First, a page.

So how do I feel about sticking out like a sore thumb? Sometimes it feels great to be noticed. And it can make it even easier to ask questions or learn about cultural differences. But freshly back from Korea, it also feels abrasive sometimes. When a man’s jaw drops down and he looks at me like he’s seen a ghost, and then it just keeps happening everywhere I go, it can make me hesitant to leave the house. There seems to be a natural curiosity about other people in Indonesia, but being noticeably different can make the staring way more intense. Many times, I yearn to be treated like a normal human being, and the staring makes me feel ‘othered.’
How to combat that need to retreat?
So, what’s an introvert to do? And how could I get over not wanting to be noticed and really be present?
I decided to ride the wave. For me, being ‘socialized’ proved to be the way to go. I get out in the world, talk to people in my daily interactions, and especially try to search out women to talk to. The more positive interactions I have, the more I feel emboldened to be out in the world. Then, I can retreat home to recharge when I’ve had enough.
I’ve found that riding public transportation is a good way to be ‘out in the world.’ I started noting and recording interactions then shared them in Facebook statuses I called “Tales from the public bus.”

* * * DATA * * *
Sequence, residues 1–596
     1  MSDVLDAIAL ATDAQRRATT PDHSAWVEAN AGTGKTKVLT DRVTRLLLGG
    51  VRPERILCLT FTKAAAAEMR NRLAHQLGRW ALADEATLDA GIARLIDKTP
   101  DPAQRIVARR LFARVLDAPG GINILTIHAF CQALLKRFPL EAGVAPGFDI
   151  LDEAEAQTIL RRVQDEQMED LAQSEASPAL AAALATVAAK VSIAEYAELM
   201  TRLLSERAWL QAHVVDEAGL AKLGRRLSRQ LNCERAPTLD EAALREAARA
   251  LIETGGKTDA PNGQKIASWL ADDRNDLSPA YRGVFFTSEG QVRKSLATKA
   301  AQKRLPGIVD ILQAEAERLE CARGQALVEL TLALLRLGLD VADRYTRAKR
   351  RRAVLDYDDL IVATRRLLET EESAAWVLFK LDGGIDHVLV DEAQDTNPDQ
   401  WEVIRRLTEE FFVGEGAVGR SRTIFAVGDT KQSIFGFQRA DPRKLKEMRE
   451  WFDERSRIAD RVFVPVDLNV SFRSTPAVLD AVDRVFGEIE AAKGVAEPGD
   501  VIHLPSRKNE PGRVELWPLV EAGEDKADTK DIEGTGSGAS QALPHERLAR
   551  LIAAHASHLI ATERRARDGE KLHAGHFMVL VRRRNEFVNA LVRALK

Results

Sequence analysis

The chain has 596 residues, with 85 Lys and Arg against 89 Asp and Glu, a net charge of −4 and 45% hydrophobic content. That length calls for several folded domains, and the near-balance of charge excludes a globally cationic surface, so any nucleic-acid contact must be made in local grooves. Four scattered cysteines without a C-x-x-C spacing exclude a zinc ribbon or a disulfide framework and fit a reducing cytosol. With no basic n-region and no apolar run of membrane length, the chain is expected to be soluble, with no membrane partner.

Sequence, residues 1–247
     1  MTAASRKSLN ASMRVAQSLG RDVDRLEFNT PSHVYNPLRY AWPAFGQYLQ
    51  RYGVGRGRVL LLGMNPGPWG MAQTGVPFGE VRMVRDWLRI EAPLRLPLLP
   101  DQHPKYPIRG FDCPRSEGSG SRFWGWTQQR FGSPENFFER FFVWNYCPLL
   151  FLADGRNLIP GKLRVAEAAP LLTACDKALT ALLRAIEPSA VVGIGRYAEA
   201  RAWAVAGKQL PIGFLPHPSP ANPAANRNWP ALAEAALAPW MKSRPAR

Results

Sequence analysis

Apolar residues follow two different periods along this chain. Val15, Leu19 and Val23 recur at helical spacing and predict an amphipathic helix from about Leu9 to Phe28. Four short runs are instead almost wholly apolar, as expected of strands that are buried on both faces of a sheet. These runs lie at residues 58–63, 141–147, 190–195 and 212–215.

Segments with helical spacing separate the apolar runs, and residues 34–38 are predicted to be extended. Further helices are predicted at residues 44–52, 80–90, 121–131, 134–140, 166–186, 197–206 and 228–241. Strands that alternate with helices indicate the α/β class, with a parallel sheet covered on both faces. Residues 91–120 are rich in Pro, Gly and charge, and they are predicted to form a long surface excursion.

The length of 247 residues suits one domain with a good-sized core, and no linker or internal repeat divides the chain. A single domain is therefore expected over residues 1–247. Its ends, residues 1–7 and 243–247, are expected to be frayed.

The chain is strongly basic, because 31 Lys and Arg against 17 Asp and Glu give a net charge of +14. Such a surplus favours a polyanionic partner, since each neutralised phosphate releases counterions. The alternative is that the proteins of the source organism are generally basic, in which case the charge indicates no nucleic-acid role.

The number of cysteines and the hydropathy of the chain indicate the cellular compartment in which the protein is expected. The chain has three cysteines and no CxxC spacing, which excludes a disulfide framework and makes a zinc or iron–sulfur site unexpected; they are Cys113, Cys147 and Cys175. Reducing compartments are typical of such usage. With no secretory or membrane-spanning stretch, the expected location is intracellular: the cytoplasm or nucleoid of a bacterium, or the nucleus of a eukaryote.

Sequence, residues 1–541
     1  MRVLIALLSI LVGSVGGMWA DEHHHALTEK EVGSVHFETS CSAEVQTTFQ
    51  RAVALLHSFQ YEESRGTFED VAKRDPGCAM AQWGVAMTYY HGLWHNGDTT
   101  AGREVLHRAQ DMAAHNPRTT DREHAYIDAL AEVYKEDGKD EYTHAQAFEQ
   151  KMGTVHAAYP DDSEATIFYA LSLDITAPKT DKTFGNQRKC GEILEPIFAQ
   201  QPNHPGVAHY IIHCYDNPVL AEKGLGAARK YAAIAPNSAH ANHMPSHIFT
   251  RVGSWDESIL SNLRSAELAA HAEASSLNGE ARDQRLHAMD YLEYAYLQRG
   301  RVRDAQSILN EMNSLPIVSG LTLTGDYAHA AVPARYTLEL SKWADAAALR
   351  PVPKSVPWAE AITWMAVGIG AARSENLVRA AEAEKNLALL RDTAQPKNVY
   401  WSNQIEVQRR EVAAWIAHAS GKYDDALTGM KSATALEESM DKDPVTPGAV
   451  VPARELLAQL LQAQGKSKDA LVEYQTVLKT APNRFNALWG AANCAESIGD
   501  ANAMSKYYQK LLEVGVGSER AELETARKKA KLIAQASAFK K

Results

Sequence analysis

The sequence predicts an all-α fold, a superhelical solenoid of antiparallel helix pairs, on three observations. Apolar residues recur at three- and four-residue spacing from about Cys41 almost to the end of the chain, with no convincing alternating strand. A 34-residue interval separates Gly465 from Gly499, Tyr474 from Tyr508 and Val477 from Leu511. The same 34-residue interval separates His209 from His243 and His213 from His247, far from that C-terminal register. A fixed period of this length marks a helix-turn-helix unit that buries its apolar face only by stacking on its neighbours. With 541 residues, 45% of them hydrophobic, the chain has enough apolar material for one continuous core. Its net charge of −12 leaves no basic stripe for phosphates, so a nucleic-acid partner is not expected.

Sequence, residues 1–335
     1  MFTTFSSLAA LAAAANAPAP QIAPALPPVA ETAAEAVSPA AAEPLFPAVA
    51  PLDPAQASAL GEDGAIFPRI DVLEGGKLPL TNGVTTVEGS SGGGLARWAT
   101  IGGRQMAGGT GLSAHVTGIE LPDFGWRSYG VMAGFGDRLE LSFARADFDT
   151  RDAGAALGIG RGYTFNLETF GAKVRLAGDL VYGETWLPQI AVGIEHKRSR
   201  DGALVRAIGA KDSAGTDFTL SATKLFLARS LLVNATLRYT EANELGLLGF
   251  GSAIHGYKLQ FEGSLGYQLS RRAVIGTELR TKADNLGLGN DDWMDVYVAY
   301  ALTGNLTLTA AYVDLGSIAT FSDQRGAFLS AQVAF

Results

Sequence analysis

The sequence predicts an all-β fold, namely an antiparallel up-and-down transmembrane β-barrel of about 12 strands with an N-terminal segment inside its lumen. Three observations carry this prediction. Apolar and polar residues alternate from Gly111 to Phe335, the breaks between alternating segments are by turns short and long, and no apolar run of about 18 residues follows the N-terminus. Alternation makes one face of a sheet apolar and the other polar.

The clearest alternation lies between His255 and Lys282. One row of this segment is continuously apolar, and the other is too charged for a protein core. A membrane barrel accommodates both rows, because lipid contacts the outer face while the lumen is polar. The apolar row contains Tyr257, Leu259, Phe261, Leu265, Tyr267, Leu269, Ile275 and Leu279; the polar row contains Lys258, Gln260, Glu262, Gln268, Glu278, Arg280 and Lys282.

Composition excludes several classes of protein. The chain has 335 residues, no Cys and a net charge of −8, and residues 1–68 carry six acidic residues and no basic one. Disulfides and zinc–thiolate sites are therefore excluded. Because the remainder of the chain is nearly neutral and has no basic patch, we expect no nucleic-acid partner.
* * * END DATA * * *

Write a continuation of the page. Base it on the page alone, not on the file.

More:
Some of those tales I spoke of
In Phoenix, I rode the bus to work. I met a man half my size who tried to ask me out 5 minutes after beginning our conversation. Another day, I witnessed a woman who let fly her life story of estrangement with her children (verbal diarrhea fashion) upon a man who, very obviously, who did not want to talk to her. Once a drunken man in a Mexican wrestling mask lurched by; he started talking about his failed college dreams because I showed him a little sympathy. There was the man with the trash bag, who would rant and shout at the top of his lungs about people refusing to pick up their trash. In Indonesia, I met a woman dressed conservatively, who within 5 minutes of sitting down, was showing me photos of herself in a bra. Wait a second, are these stories going to make you not want to ride the bus?
The fun times